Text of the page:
Obama on the Record: NAACP Centennial Convention

When it comes to higher education we’re making college and advanced training more affordable, and strengthening community colleges that are the gateway to so many with an initiative — (applause) — that will prepare students not only to earn a degree, but to find a job when they graduate; an initiative that will help us meet the goal I have set of leading the world in college degrees by 2020. We used to rank number one in college graduates. Now we are in the middle of the pack. And since we are seeing more and more African American and Latino youth in our population, if we are leaving them behind we cannot achieve our goal, and America will fall further behind — and that is not a future that I accept and that is not a future that the NAACP is willing to accept. (Applause.)

We’re creating a Race to the Top fund that will reward states and public school districts that adopt 21st century standards and assessments. We’re creating incentives for states to promote excellent teachers and replace bad ones — (applause) — because the job of a teacher is too important for us to accept anything less than the best. (Applause.)

We also have to explore innovative approaches such as those being pursued here in New York City; innovations like Bard High School Early College and Medgar Evers College Preparatory School that are challenging students to complete high school and earn a free associate’s degree or college credit in just four years. (Applause.)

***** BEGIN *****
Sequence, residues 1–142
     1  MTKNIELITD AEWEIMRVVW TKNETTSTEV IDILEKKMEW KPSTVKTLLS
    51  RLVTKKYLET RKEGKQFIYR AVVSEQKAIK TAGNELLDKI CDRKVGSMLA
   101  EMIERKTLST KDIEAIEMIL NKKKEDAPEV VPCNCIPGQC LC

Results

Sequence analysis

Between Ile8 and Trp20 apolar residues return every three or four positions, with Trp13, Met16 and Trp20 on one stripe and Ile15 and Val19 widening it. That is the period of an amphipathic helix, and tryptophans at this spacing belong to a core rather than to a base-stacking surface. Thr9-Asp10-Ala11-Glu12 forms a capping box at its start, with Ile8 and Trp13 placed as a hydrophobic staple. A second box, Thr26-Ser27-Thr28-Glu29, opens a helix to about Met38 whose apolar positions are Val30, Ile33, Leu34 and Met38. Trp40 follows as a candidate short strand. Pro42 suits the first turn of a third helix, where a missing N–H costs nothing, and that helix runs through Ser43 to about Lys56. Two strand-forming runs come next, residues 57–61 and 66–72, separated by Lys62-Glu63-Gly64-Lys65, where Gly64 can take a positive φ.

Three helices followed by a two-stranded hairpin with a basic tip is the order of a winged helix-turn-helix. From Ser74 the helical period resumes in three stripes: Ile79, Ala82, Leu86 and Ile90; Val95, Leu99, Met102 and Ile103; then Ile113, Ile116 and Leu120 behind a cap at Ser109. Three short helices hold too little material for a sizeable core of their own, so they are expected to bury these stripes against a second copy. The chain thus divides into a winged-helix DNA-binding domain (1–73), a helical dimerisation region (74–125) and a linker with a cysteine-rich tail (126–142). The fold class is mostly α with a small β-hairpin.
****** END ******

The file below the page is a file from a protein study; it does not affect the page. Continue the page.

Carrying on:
And we should raise the bar when it comes to early learning programs. It’s not enough just to have a babysitter. We need our young people stimulated and engaged and involved. (Applause.) We need our — our folks involved in child development to understand the latest science. Today, some early learning programs are excellent. Some are mediocre. And some are wasting what studies show are by far a child’s most formative years.

That’s why I’ve issued a challenge to America’s governors: If you match the success of states like Pennsylvania and develop an effective model for early learning; if you focus reform on standards and results in early learning programs; if you demonstrate how you will prepare the lowest income children to meet the highest standards of success — then you can compete for an Early Learning Challenge Grant that will help prepare all our children to enter kindergarten all ready to learn. (Applause.)

So these are some of the laws we’re passing. These are some of the policies we are enacting. We are busy in Washington. Folks in Congress are getting a little tuckered out. (Laughter.) But I’m telling them — I’m telling them we can’t rest, we’ve got a lot of work to do. The American people are counting on us. (Applause.) These are some of the ways we’re doing our part in government to overcome the inequities, the injustices, the barriers that still exist in our country.

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